From left, Terra McGowan, Kyra Snyder and Camryn Ybarra are the team leaders for Mission Viejo, which has proved the naysayers wrong by reaching the CIF-SS final.

New stars try to finish Mission Viejo's mission


MISSION VIEJO – Kyra Snyder knew exactly where the question was headed and jumped right in with a firm, “Definitely.”

Did a team without Alyssa Palomino and Taylor McQuillin feel the need to prove its worth?

In Palomino and McQuillin, Mission Viejo housed Orange County’s all-time leaders in home runs and career wins for a four-year span, and the program rose from county relevance to national prominence.

“They’re two of the best players in the nation,” Snyder said. “But we can’t rely on them anymore. We’re the ones who have to come out and fight now.”

The Diablos were always more than a single power bat and one power arm. While it might have taken others some time to accept that, Mission Viejo’s unsung heroes of years past have flourished in the spotlight this season.

With Palomino and McQuillin now in college, this next wave of Diablos talent is driving the team’s success. They will try to put the finishing touch on their own legacy Friday when they face Valley View of Moreno Valley in the CIF-SS Division 2 championship game at Bill Barber Park in Irvine at 7 p.m.

“A lot of people came out thinking, ‘They lost their two players, it’s going to be easier (to beat them) this year,’” Snyder said. “That was the fuel we needed to keep our energy up and play as a team in the field. I feel like we’ve all bonded over that.”

There’s a sizable chip on every shoulder in the Mission Viejo dugout, and no one hides that fact. After Mission Viejo’s loss to Yucaipa in last year’s Division 2 final, this group was confident it had the returning talent to take the team to the final for the third consecutive year.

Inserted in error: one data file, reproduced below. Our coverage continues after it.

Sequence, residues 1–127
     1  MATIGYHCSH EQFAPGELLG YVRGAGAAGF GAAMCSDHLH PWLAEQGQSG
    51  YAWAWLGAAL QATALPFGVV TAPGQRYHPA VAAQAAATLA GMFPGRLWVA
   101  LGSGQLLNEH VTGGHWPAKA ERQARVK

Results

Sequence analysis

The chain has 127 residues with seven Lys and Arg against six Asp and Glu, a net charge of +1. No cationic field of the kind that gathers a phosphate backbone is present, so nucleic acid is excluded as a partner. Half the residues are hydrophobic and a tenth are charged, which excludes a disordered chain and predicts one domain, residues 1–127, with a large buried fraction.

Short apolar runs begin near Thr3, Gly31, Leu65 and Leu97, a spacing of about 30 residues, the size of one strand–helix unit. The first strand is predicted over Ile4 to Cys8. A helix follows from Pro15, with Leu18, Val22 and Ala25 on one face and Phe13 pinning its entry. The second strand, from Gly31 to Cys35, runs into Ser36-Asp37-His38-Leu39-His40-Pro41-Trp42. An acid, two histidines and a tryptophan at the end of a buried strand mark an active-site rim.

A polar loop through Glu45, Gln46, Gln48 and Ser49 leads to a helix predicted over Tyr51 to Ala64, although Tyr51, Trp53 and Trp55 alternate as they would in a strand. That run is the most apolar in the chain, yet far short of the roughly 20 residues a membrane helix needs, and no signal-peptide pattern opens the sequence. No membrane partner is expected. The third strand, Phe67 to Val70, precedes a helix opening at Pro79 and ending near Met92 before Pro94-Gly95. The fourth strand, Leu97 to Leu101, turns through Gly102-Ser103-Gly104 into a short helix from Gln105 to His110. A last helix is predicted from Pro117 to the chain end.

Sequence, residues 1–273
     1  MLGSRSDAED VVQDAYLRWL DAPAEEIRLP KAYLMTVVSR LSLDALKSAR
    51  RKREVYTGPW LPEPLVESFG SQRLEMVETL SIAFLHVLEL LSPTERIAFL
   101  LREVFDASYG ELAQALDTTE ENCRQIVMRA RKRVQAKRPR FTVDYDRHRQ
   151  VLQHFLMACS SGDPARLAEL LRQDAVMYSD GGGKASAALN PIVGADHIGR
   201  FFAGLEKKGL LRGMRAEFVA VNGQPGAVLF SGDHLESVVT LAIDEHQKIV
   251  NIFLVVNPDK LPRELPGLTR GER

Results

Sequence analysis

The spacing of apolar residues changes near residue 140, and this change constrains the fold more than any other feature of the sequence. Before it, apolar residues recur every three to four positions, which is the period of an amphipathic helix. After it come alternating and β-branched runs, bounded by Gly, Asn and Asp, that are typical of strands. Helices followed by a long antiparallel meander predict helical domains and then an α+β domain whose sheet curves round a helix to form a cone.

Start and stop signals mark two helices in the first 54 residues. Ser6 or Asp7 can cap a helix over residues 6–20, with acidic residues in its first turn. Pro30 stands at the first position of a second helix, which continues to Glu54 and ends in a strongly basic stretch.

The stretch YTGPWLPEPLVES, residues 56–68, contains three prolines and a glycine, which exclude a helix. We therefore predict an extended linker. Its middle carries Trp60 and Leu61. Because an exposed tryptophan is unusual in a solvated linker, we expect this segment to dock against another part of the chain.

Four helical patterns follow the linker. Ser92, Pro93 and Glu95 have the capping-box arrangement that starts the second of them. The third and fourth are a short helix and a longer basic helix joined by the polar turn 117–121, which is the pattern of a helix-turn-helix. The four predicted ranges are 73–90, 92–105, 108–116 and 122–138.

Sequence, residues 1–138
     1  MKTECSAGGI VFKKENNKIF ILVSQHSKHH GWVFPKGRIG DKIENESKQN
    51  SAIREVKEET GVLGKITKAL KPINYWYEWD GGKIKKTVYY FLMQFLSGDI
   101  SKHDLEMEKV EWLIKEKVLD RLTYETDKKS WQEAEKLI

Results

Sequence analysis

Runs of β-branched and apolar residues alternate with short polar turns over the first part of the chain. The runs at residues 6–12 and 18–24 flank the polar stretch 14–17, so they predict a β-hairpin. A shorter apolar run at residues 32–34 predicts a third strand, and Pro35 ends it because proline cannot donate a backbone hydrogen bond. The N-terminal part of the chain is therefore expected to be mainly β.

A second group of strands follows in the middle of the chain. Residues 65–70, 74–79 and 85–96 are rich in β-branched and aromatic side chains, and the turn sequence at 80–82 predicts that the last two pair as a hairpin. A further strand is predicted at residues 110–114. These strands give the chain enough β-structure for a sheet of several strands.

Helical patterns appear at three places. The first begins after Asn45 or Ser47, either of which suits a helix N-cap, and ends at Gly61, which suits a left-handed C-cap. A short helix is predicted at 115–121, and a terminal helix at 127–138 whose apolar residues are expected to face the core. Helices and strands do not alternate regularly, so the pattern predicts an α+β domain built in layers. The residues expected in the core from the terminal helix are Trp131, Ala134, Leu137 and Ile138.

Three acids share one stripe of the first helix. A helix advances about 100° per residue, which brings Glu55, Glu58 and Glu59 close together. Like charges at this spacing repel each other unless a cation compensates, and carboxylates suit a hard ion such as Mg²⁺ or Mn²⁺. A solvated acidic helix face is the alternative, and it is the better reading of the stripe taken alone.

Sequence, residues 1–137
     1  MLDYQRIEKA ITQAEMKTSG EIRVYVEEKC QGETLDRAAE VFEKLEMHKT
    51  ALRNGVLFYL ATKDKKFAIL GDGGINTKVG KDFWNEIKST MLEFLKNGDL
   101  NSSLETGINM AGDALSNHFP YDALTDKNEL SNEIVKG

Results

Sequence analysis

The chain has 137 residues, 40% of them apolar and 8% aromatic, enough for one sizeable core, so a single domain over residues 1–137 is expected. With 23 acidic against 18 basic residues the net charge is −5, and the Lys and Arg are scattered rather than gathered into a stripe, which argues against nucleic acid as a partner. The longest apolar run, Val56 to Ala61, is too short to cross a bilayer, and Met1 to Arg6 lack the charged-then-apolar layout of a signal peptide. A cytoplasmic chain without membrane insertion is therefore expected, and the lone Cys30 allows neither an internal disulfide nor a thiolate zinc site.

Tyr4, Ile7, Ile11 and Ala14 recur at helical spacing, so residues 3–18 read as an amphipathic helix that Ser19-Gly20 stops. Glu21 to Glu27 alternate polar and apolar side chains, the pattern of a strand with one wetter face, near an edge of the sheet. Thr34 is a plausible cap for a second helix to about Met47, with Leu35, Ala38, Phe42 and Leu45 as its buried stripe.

While the naysayers discounted them, the Diablos took the field with a swagger, starting with their 9-1 season-opening win over Kennedy.

Snyder and senior right-hander Hanna Nilsen only saw a handful of innings in the pitching circle the past few campaigns while backing up McQuillin, but the duo has pitched at a championship level this spring, boasting a combined ERA well below 2.00.

The Diablos continued to hit like they have in the past, providing six-plus runs of support per game for the fourth consecutive season.

Junior Camryn Ybarra thrived as the team’s new leadoff hitter – Palomino’s old spot – and raised her batting average to .522 during the regular season. The third baseman has taken her game to another level the past three weeks, launching five home runs in four playoff games.

“I’ve improved a lot since my freshman year, and I’ve just wanted to follow in Alyssa’s footsteps,” Ybarra said. “I look up to her. But I want to be the best on the team and want to lead everyone off.”

In four playoff games, Mission Viejo has scored 32 runs and hit 10 home runs, spread out among Ybarra, Nilsen, Terra McGowan and Bella Loya. Throw in Olivia Viggiano and Allison Harvey in the two-three slots in the lineup, and the Diablos have a new recipe for a CIF-SS championship contender.

“I feel like we play more as a team now because we can’t rely on Alyssa to get that big hit, or Taylor to get that big out,” McGowan said. “We’re more focused and into the game now because we know we all have a bigger role to play.”

Even with Palomino and McQuillin in the lineup last June, the Diablos lost to Yucaipa in the final, ruining their bid for the title and an unbeaten season.

The Diablos ran into Yucaipa, which still had all of its starters from last season, in this year’s quarterfinals and pummeled them, 11-5. It gave Mission Viejo’s players a feeling of redemption, but their ultimate goal is to win the title.

Doing so when they weren’t necessarily thought of as contenders? That’s been the underlying motivator since Day 1.

“With these kids, I’ve coached a lot of them in 10-U, 12-U, 14-U,” Mission coach Troy Ybarra said. “I’ve coached Hanna since she was 10, Harvey since she as 8. Kyra, Terra, Sammy (Dees), Cam, all of them. It’s a team that plays together and knows what each other can do. And they’ve put it together at the right time.”

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